TOKYO, Sep 23 (Reuters) Japan's ruling party was poised to pick Yasuo Fukuda, who seeks warmer ties with Asian neighbours, to succeed Shinzo Abe as prime minister in an effort to revive party fortunes and fill a political vacuum.
The Liberal Democratic Party's (LDP) main factions have rallied behind Fukoda after Abe's September 12 decision to resign in hopes the 71-year-old lawmaker, seen as a moderate, can bring stability after a year marked by scandals and an election rout.
''I want to get people to think that the LDP and politics as a whole are truly getting better by resolving problems one by one,'' the bespectacled Fukuda told a crowd while campaigning in northern Japan yesterday.
Japan's next leader will face a divided parliament, with combative opposition parties controlling the upper house, and conflicting pressures to spend more to woo disaffected voters while also reigning in Japan's mammoth public debt.
The situation has raised fears of a policy deadlock at a time when Japan needs action on pension and tax reform and other issues.
A survey by Kyodo news agency published late yesterday showed Fukuda well ahead of hawkish former foreign minister Taro Aso in the party poll. Other surveys have shown similar results.
The winner will be chosen prime minister on Tuesday by virtue of the ruling camp's huge majority in parliament's lower house.
Critics of Fukuda, chief cabinet secretary under Abe's popular predecessor Junichiro Koizumi, say he will be beholden to the LDP's old guard and backpedal on vital economic reforms.
Fans say his milder style will be welcome after Koizumi's five years of combative reforms and 12 months of scandals and upsets under Abe.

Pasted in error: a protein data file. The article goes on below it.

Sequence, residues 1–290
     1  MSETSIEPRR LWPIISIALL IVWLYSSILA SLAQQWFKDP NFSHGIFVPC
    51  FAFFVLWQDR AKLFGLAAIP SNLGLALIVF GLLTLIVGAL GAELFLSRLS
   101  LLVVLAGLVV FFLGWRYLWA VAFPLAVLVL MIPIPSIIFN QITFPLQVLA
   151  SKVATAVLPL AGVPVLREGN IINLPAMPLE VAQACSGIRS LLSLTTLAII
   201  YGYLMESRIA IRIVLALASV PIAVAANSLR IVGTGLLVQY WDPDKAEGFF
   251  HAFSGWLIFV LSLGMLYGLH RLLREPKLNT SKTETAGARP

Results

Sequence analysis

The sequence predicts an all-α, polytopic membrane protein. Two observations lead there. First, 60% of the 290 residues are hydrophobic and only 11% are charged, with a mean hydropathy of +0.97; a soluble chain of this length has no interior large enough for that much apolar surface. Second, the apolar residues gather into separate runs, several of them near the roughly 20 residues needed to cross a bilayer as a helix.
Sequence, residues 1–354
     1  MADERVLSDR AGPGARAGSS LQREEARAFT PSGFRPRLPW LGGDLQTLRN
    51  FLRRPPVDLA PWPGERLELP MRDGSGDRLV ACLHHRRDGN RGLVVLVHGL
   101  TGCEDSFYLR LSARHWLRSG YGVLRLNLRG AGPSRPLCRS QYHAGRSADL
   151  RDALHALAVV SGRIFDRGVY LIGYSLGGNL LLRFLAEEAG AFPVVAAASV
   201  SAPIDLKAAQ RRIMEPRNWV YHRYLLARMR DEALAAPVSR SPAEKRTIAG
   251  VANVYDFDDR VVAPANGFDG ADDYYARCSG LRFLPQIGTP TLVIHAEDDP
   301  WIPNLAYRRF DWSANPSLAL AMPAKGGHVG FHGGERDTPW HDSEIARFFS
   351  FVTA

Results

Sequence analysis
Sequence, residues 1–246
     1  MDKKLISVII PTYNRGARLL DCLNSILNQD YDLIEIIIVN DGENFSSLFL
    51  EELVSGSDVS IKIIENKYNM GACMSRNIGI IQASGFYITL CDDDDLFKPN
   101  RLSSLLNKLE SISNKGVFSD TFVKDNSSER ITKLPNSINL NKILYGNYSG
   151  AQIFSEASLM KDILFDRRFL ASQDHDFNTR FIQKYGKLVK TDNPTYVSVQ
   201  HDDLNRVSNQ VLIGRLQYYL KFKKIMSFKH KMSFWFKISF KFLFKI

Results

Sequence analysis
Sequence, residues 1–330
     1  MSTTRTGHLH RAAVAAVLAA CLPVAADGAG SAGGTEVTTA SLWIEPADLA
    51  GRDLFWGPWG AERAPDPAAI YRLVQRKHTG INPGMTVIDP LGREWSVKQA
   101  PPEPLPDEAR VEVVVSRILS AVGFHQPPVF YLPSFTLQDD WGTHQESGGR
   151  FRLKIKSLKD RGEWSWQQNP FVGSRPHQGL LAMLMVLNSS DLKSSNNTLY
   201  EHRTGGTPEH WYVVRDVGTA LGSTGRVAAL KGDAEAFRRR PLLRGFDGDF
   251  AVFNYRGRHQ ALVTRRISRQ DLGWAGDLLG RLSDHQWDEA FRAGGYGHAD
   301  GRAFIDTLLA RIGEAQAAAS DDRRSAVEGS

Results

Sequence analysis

Both Fukuda and Aso have pledged to pay more heed to rural regions and other sectors hurt by reforms begun under Koizumi.
But both candidates have also acknowledged the limits on government spending given a public debt already equivalent to one-and-a-half times Japan's gross domestic product.
PITFALLS IN PARLIAMENT The hawkish Abe, who turned 53 on Friday, stunned allies and foes alike by announcing his decision to resign just days after staking his career on extending a Japanese naval mission in support of US-led military operations in Afghanistan.
One of the new prime minister's first battles will be over the mission, enabling legislation for which expires on Nov. 1.
Close ally Washington is pressing Tokyo to continue refuelling coalition ships in the Indian Ocean.
But Japan's opposition parties, which can delay laws with their upper house majority, want to end the mission.
Although an advocate of a less U.S.-centric diplomatic stance, Fukuda -- like Aso -- has stressed the need for Japan to keep playing its refuelling role.
Avoiding pitfalls that would prompt a snap election for the lower house that the ruling camp could well lose will be another priority for Japan's new leader.
No general election need be held until 2009. But a deadlock in parliament could prompt one and many are eyeing next spring, after passage of the budget for the fiscal year starting next April, as a likely time.
The winning candidate in the LDP poll needs a majority, or 265, of 528 votes comprised of 387 parliamentarians and three representatives from each of the party's 47 prefectural chapters.
REUTERS VD AS0826